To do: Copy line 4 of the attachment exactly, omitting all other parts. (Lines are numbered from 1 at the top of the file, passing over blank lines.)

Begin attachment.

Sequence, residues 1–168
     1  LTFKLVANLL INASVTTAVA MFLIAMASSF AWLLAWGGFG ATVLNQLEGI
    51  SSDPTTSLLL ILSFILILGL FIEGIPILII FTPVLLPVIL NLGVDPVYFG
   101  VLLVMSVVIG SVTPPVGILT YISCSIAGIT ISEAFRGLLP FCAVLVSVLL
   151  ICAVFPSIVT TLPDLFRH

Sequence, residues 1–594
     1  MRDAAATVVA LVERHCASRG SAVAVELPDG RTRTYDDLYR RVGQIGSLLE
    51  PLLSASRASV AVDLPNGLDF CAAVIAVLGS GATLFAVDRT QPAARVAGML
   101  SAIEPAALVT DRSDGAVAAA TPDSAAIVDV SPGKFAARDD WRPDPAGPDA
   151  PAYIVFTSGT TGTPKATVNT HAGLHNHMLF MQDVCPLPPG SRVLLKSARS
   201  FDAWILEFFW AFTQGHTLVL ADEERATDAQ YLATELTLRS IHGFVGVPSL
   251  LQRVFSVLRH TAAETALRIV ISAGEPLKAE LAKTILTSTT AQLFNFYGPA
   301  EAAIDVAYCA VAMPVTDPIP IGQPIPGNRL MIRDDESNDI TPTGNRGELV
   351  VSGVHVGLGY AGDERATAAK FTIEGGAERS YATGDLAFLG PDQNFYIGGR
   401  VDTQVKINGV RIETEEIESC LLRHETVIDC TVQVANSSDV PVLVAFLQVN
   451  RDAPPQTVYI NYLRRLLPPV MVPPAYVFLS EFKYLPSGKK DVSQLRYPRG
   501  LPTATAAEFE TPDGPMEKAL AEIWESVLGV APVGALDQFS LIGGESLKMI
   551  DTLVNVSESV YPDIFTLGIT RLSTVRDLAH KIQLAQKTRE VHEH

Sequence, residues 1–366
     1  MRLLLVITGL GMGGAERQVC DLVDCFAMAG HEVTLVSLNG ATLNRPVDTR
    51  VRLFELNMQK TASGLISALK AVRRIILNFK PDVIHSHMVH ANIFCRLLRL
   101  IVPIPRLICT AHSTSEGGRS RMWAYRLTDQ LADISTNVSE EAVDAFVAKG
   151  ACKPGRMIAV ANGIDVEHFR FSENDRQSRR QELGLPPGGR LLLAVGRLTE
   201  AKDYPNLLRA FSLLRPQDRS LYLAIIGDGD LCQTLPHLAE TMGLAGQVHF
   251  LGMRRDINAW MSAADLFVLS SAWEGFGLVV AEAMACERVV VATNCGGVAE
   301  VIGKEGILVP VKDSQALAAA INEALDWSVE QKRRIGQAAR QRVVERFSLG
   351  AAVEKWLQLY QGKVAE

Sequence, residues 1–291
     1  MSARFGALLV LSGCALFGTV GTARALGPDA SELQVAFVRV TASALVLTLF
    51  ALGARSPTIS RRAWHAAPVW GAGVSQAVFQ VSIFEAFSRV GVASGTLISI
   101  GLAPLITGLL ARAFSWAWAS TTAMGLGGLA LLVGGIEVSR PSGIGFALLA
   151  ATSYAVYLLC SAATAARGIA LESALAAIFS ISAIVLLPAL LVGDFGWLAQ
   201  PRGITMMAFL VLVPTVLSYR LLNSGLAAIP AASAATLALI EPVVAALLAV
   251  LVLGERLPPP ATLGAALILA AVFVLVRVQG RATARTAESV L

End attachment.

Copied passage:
   101  VLLVMSVVIG SVTPPVGILT YISCSIAGIT ISEAFRGLLP FCAVLVSVLL